“Sir, please sit a little far,” she wanted to say but couldn’t. She discreetly slid further and tried to concentrate, in vain.
“See you tomorrow, same time,” he said as he got up to go.
Something was not right. ‘What to do?’ she thought as she walked back home. Whom to ask? What to ask? He was a good teacher for sure and she could get better marks in Maths. How to get her class back to Deepika’s verandah?
“What’s the matter? You are lost in thoughts like a scientist!” someone called out from across the road as she turned the corner. Deepika was watering her garden. At the sight of her friend she closed the tap and ran to the gate.
“How’s the class going on? 100% in Maths for sure?”
“There’s something I want to tell you,” said Bhagyashree. Seated under the jamun tree, Bhagyashree confided in her friend. As they discussed, the problem seemed to grow smaller and more common but no solution emerged.
“Some men are like that,” said Deepika, “There’s this boy in Kusum didi’s college who……”
What to do! Bhagyashree wanted the tuition class but not like this!
“Here comes Usha didi, let’s ask her,” said Deepika and called out to their neighbour, “Ushadi, come for two minutes, need to ask you something!”
Doing her post-graduation from the city college, Usha was walking back home from the bus stop at the junction.
“What are you two up to? Telling love stories? Got a boyfriend?” joked Usha as she too sat down with them, “Tell me, whose boyfriend is fighting?”
Soon they confided in her. She was all attention and asked a few questions.
“Men are like that, sometimes they act funny; have some in my college too,” she said, “They are not bad people; learn to look beyond their behaviour and get your work done!”
“What do you mean, Ushadi?”
“This Sir of yours teaches Maths well, isn’t it? And that’s what your priority is now, to pass the entrance test!”
“But I don’t like the way…”
“Tell him that, what stops you? Don’t be afraid! No use blaming others; it’s up to us women to guard ourselves!”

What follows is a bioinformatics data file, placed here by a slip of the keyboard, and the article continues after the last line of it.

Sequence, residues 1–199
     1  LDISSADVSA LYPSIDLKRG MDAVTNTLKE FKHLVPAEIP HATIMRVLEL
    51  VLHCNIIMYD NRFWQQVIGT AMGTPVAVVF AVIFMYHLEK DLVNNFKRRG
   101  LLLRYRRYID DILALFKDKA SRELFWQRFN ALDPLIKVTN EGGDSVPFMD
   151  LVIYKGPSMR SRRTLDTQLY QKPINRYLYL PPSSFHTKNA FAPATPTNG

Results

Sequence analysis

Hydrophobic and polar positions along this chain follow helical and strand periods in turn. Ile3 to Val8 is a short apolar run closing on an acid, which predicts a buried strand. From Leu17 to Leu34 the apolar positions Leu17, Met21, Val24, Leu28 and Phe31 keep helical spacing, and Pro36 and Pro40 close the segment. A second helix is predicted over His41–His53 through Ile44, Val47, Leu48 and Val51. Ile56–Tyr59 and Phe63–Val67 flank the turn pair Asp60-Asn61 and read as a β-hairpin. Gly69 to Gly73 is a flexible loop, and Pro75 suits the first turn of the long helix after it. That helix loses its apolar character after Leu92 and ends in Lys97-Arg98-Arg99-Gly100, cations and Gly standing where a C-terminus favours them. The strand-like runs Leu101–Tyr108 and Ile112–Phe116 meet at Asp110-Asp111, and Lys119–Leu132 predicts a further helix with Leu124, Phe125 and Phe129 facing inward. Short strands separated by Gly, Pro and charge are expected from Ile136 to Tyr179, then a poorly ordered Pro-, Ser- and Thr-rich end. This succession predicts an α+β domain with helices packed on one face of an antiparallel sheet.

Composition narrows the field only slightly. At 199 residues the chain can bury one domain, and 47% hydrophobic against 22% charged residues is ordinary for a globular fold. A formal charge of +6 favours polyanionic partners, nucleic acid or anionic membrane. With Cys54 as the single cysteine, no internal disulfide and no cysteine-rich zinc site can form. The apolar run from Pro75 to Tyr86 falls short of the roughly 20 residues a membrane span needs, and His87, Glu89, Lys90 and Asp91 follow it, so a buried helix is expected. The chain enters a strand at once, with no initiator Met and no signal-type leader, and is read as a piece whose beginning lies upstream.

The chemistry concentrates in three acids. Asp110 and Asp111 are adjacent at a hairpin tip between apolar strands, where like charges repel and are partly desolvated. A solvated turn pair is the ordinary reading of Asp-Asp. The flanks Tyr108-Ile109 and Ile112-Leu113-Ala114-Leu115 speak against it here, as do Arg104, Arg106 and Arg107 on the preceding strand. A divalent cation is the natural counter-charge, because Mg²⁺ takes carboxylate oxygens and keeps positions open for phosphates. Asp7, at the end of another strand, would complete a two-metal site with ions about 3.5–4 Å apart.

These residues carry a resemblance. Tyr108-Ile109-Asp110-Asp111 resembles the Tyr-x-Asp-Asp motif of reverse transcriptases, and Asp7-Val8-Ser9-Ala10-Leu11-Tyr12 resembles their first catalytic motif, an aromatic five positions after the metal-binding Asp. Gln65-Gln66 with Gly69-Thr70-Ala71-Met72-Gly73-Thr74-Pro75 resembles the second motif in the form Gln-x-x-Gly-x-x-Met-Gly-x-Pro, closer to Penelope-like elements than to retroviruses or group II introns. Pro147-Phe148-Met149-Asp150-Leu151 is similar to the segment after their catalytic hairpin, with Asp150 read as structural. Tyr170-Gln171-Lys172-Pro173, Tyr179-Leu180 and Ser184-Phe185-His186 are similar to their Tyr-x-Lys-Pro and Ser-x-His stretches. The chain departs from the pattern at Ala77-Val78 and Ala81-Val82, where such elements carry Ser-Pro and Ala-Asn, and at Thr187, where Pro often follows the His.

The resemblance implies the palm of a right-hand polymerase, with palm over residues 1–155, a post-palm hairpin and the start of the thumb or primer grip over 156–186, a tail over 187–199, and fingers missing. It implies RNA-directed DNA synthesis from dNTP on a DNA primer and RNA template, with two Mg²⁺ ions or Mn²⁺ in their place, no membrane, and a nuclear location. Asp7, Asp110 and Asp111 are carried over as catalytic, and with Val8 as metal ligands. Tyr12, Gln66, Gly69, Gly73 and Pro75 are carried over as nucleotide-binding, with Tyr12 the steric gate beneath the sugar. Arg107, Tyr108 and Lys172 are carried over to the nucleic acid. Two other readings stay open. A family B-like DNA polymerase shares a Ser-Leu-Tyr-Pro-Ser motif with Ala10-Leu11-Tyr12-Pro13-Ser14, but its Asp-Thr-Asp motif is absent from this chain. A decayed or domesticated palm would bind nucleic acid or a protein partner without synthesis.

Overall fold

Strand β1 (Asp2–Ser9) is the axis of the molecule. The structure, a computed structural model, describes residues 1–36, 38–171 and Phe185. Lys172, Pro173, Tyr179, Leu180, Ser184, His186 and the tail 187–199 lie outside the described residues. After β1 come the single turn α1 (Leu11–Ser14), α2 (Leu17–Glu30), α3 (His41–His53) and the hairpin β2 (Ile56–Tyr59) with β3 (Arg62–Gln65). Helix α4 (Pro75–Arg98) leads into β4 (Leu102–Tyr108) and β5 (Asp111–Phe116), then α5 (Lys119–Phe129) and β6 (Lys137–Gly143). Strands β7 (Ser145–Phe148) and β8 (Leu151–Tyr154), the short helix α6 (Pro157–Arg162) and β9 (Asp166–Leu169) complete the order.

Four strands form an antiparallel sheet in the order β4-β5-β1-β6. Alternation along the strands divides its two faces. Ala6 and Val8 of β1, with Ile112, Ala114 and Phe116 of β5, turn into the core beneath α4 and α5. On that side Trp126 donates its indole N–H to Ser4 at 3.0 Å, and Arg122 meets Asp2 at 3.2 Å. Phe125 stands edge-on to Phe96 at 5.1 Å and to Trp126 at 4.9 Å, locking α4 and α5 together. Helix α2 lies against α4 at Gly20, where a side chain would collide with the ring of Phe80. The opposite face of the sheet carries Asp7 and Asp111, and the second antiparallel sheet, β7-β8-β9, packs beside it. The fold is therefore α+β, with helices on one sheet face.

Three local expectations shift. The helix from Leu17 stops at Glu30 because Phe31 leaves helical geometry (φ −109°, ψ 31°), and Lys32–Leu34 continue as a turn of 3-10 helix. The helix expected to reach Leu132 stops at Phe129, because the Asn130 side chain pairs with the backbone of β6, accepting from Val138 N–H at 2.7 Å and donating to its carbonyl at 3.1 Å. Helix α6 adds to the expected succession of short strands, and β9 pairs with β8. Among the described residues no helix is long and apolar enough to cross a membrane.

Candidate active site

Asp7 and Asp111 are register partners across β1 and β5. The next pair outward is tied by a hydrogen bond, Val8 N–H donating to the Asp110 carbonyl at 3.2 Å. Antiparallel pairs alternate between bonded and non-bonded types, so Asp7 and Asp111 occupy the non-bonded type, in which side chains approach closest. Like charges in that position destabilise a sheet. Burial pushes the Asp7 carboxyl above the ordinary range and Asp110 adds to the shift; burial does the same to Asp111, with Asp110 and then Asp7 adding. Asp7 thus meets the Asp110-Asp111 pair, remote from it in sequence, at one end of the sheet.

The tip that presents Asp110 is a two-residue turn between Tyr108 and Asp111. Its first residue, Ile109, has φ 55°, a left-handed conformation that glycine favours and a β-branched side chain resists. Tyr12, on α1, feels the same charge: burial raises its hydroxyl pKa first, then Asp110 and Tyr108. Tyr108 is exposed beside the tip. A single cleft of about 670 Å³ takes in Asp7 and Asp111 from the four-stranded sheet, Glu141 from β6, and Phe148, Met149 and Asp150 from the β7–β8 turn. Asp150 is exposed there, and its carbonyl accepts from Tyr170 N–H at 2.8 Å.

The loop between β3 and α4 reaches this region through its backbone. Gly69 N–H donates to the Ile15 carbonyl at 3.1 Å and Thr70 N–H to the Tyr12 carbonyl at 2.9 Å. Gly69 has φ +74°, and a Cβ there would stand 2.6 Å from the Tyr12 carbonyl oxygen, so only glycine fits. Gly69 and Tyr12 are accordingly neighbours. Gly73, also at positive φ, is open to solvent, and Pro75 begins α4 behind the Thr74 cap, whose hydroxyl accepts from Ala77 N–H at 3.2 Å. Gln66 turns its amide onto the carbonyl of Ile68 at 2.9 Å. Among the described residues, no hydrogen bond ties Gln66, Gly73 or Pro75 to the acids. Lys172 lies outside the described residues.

The three of them discussed and made a plan of action.
“Let this be our secret,” she said in conclusion, “Be strong in mind, Bhagyashree; God helps those who help themselves!”
The next day, by the time Bhagyashree reached the park, Sir was already on the bench engaged with his cellphone. She handed over the homework book for correction and he gave her a practice sheet. She sat at the far end of the bench and got engrossed in her work.
The park was rather deserted except for a few boys playing badminton and two labourers beyond, one with a lawn mower and the other with his hose in hand.
“You went wrong here….,” Sir said, pointing out a mistake, leaning over her shoulder.
“Sir, please move away! Don’t touch me!” Bhagyashree stood up.
“You don’t have to shout,” he said softly, “Come sit here!”
“I’ll shout louder if you touch me again,” she said, “That’s my Mamaji’s house – that one with the blue colour wall and the guava tree; Mamiji’ll be here in one minute, if I shout!”
The hour went by quietly as Bhagyashree solved the sums and he corrected her homework.
“Sir, for the first time I really understood the concept of decimals and fractions – what they actually mean!”Thank you for helping me out!”
“These revision worksheets will help you,” he said, “Tomorrow, we’ll do Geometry; bring your instrument box.”
Deepika was waiting at the gate. “The plan worked!” said Bhagyashree as they settled down under the jamun tree, “I said ‘I’ll shout louder, Mamiji will be here in a minute and he went pale! Absolutely no fuss after that!”
“That’s what Ushadi said, isn’t it? We have nothing to hide, nothing to be afraid of. When our mind is clear and strong we can surely guard ourselves!”
“A good teacher he surely is! Now I actually understand the decimals and fractions!”